So what happens if you find yourself involved in a car accident caused by one of these uninsured or underinsured motorists? It could be a financially devastating experience unless you have Uninsured/Underinsured Motorist (UM/UIM) coverage.

While UM/UIM coverage is not required in most states, you need this coverage because if you are involved in an accident caused by someone else, and they don’t have the insurance to cover the damage, you can file a claim with your insurer. This is an important safeguard because a motorist who is uninsured or underinsured probably doesn’t have the financial means to pay for any damages resulting from an accident.

Before you purchase Uninsured/Underinsured Motorist coverage, it is important to understand what is covered. Uninsured Motorist insurance (UM) pays for medical expenses, lost wages, and pain and suffering that result from an accident caused by an uninsured driver. UM insurance also protects you and your passengers if a hit-and-run driver strikes you. In addition, policyholders are covered for medical expenses and lost wages if they are hit as a pedestrian, cyclist or commuter.

Underinsured Motorist insurance (UIM) pays for these same expenses that result from an accident caused by a driver who lacks sufficient insurance to cover all of the costs. In some states, Underinsured Motorist coverage is included in your Uninsured Motorist insurance.

Insurers operating in most states also offer Uninsured/Underinsured Motorist Property Damage insurance (UMPD). Whereas, UM/UIM coverage pays for bodily injuries, this coverage pays for damage an uninsured or underinsured driver causes to your vehicle. Covered property may also include personal property inside the vehicle, depending on the state.

Make a Contract to Keep Your Teen Driver Safe

The U.S. Department of Transportation reported that 3,490 drivers between the ages of 15 and 20 years old died in motor vehicle crashes in 2006 and an additional 272,000 were injured. Drivers in this age group accounted for 12.9 percent of the drivers involved in fatal crashes and 16 percent of the drivers involved in police-reported crashes.

Drivers between the ages of 15 and 20 years old have the highest rate of fatal crashes among all age groups including the elderly. The risk of being involved in a fatal crash is three times greater for teens than for people between the ages of 65 to 69.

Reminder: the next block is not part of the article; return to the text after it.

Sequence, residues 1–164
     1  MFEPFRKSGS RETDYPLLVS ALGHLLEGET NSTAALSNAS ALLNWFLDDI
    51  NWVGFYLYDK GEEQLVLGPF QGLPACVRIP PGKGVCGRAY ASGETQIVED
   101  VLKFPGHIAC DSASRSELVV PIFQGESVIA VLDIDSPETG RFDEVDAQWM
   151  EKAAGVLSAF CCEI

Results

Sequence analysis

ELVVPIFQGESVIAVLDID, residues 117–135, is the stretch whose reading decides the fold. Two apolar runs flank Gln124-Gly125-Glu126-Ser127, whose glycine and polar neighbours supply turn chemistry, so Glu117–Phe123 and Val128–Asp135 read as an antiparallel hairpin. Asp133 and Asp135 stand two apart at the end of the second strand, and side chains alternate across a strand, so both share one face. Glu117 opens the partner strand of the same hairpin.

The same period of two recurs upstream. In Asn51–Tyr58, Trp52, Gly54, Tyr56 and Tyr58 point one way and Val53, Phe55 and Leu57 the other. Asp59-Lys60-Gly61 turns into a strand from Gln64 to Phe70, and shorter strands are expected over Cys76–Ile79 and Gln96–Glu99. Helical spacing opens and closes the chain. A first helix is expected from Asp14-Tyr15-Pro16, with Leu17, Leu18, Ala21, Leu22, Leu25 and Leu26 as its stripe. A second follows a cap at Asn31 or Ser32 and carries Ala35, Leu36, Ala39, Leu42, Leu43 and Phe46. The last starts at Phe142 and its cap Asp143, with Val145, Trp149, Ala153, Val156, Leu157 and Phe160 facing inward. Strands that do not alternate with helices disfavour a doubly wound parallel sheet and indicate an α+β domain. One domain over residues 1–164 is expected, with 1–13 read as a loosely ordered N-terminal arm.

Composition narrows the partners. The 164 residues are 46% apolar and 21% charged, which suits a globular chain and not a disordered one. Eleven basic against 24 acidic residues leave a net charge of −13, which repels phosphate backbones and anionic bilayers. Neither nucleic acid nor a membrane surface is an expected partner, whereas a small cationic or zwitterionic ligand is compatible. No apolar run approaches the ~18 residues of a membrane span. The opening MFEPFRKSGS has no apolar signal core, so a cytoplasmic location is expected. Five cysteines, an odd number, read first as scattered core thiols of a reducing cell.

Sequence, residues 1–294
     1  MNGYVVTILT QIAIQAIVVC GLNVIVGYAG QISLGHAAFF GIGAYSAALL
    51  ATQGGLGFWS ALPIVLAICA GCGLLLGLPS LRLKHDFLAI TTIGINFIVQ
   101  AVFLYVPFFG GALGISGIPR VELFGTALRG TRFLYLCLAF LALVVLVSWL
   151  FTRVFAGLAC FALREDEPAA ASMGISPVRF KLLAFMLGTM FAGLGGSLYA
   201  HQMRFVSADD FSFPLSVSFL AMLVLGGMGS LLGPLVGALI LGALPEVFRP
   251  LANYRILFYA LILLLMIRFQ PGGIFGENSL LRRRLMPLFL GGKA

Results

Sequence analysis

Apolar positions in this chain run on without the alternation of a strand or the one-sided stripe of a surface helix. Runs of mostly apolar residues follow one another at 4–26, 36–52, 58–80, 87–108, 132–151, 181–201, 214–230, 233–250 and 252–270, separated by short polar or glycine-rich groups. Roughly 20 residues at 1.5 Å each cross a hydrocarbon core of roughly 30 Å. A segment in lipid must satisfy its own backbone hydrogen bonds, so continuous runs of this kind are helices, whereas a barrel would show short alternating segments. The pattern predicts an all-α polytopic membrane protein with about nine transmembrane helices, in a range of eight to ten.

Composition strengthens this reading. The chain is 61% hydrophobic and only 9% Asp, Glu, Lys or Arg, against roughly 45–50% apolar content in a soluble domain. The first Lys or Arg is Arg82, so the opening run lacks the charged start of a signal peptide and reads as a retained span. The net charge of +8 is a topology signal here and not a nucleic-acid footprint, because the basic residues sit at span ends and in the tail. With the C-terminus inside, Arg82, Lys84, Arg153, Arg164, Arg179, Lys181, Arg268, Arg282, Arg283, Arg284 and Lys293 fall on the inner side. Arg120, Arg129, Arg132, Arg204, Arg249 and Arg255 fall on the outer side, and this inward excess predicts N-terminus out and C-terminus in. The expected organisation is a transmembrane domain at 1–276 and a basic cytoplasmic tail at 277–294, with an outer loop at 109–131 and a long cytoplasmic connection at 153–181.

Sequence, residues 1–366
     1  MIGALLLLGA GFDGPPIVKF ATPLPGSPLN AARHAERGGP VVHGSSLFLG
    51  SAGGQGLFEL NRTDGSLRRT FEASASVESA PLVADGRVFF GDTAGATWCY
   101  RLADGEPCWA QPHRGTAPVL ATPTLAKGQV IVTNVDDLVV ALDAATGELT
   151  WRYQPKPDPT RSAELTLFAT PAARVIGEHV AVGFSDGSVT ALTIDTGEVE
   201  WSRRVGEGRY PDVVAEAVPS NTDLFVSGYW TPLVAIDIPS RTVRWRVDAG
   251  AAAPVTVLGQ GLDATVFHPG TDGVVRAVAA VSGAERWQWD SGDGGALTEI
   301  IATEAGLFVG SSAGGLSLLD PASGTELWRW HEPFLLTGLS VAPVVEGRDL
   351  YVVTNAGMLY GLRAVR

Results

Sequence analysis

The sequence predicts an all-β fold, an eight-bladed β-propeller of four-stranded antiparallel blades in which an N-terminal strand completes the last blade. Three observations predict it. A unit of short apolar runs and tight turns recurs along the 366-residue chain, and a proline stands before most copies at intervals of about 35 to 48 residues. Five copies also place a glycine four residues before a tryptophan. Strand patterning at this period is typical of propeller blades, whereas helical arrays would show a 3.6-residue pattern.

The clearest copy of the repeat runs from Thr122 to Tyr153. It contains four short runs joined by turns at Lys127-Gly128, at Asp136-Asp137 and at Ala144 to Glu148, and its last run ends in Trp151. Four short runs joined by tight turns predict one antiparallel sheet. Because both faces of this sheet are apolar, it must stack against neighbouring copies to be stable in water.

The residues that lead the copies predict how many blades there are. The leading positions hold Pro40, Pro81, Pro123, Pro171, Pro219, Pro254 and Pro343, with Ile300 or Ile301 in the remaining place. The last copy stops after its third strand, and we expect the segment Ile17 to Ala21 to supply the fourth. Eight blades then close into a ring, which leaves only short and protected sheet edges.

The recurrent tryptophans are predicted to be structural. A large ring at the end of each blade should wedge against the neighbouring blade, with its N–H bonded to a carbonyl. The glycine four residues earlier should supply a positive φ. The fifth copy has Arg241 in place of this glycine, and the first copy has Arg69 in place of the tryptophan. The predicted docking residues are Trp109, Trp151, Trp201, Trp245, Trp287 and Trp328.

Lack of driving experience and taking unnecessary risks are the two main reasons for the high crash rate among teens. However, both of these issues can be addressed, and their impact on a teenage driver’s safety significantly reduced when parents assume a proactive role in their teenagers’ driver education.

One of the best ways to accomplish this is by drawing up a driving contract between you and your teen driver. offers the following advice about what to include in your contract:

·   Specify which car(s) the teen is allowed to drive – The car should have a driver’s side airbag, a good safety rating, and be easy to maneuver

·   Make the teen responsible for gas, oil changes, tire pressure checks, regular maintenance requirements, and keeping the car clean inside and out.

·   Have the teen agree to pay for insurance – Paying insurance costs with a part-time job provides some incentive for avoiding reckless behavior.

·   Specify that the teen must follow these rules or be subject to some agreed upon, pre-determined penalty:

1.      Always obeying the speed limit and traffic laws.

2.      Always wearing seat belts and making sure that all passengers are buckled up before driving.

3.      Never driving after drinking or using drugs – The contract should state that teens are not allowed to drink and drive, have alcohol in the car, or even be a passenger in a car with a driver who has been drinking or using drugs. Assure your teen that they can always call you to come get them if they are stranded at a gathering.

4.      Not driving with friends in the car – Teens should not be allowed to drive with friends or even younger siblings in the car for the first six to twelve months of having their license unless an adult is also in the car.

5.      Not using cell phones or texting while driving.

6.      Letting you know where they are going and when they plan to return.

7.      Maintaining curfews – Set realistic curfews, but also tell teens that if they are running late, it’s always better to drive safely than speed to make up the minutes. They should call you if possible to let you know they are on the way home. 

Are You Guilty of DWT – Driving While Texting?

Are you guilty of sending text messages from behind the wheel? If you are, you’re not alone.  Although hard statistics on the practice are scarce, it’s clearly a growing problem. More than 150 billion text messages are sent annually, and a substantial percentage of those are sent from the driver’s seat.

Anything that takes a driver’s attention off the road increases the likelihood of an accident, including talking on a cell phone, eating, applying make-up or shaving. But text messaging may be especially dangerous since composing and sending a message requires a driver to look at the phone or device rather than at the highway and surrounding traffic for an extended period of time.

Texting while driving has been identified as a factor in several accidents, with police linking the time phone text messages were sent with the occurrence of fatal automobile crashes. It seems an especially prevalent practice among the young: One insurance company survey found that 19% of drivers admit to sending text messages while driving, and an alarming 37% of drivers between the ages of 18 and 27 engage in the practice.

The problem has become widespread enough for some states, including Washington and Oregon, to take notice and consider legislation that makes driving while texting a crime. Activists are lobbying to include specific texting-while-driving provisions in existing laws that prohibit hand-held electronic devices to be use on the road.